Tuesday, July 16, 2013

Latin Proverbs and Fables Round-Up: July 16

Here is a round-up of today's proverbs and fables - and for previous posts, check out the Bestiaria Latina Blog archives. You can keep up with the latest posts by using the RSS feed, or you might prefer to subscribe by email.

HODIE (Roman Calendar): ante diem septimum decimum Kalendas Augustas (yes, the countdown to the Kalends of August has begun, which is when I have to go back to work!)

MYTHS and LEGENDS: The art image for today's legend shows Perseus on Pegasus; you can also see the legends for the current week listed together here.


TINY MOTTOES: Today's tiny motto is: Vivat veritas (English: Long live truth).

3-WORD PROVERBS: Today's 3-word verb-less proverb is Silentium stultorum virtus (English: Silence is the virtue of fools)

AUDIO PROVERBS: Today's audio Latin proverb is Ex bellis bella seruntur (English: From wars wars are sown). To read a brief essay about this proverb and to listen to the audio, visit the Latin Via Proverbs blog.

PUBLILIUS SYRUS: Today's proverb from Publilius Syrus is: Furor fit laesa saepius patientia (English: Patience wounded once too often becomes rage).

ERASMUS' ANIMALS: Today's animal proverb from Erasmus is Semper graculus adsidet graculo (English: One jackdaw always sits next to another - i.e. "birds of a feather flock together" as we would say in English; from Adagia 1.2.23).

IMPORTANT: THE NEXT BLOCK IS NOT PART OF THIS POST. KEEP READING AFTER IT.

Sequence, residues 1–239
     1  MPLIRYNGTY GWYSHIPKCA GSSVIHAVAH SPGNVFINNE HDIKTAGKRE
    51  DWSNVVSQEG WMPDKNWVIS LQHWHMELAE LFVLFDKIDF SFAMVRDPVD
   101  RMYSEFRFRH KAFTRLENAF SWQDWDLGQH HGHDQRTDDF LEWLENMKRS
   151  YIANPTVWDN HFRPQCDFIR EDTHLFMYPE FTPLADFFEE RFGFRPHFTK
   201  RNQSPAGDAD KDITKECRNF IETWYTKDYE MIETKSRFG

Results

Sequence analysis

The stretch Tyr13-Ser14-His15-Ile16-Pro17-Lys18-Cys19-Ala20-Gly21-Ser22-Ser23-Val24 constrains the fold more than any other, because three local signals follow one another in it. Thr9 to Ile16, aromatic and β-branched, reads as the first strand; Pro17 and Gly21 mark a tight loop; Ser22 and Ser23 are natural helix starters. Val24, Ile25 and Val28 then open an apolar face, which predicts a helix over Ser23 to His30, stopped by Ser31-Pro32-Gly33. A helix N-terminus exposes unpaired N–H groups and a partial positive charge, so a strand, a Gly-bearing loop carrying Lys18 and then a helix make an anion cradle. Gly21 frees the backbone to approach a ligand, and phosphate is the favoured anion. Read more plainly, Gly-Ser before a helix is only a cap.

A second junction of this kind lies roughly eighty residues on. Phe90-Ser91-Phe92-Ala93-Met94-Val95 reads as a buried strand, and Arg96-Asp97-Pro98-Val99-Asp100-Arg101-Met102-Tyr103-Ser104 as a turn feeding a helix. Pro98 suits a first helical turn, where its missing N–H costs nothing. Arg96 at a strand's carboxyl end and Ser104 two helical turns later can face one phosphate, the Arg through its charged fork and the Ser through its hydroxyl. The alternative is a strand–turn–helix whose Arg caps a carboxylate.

BREVISSIMA: The distich poster for today is Mors Non Timenda. Click here for a full-sized view; the poem has a vocabulary list and an English translation, too.

And here are today's proverbial LOLcats:


FABULAE FACILES: The fable from the Fabulae Faciles widget is Ursa et Vulpes, a story in which the fox exposes the bear's hypocrisy (this fable has a vocabulary list).

MILLE FABULAE: The fable from the Mille Fabulae et Una widget is Vultur Convivium Faciens, the story of the vulture's deadly birthday party.

vultur et aves

GreekLOLz - and Latin and English, too. Below is one of my GreekLOLz; for the individual Greek, Latin and English versions of the graphic, see the blog post: Ἀφροδίτηι ὗν τέθυκεν. Veneri suem mactavit. He's sacrificed a pig to Aphrodite (a very foolish thing to do, since Aphrodite loathes pig, especially since a wild boar killed her beloved Adonis).

Myth and Folklore Books. I'm accumulating some book recommendations for the classes I teach and wanted to share them here. Today's book is Bulfinch's Mythology (single-volume edition). This is a free Amazon Kindle eBook, and you don't need a Kindle to read it - you can read Kindle books on any computer or mobile device, or you can use the Amazon Cloud Reader in your browser.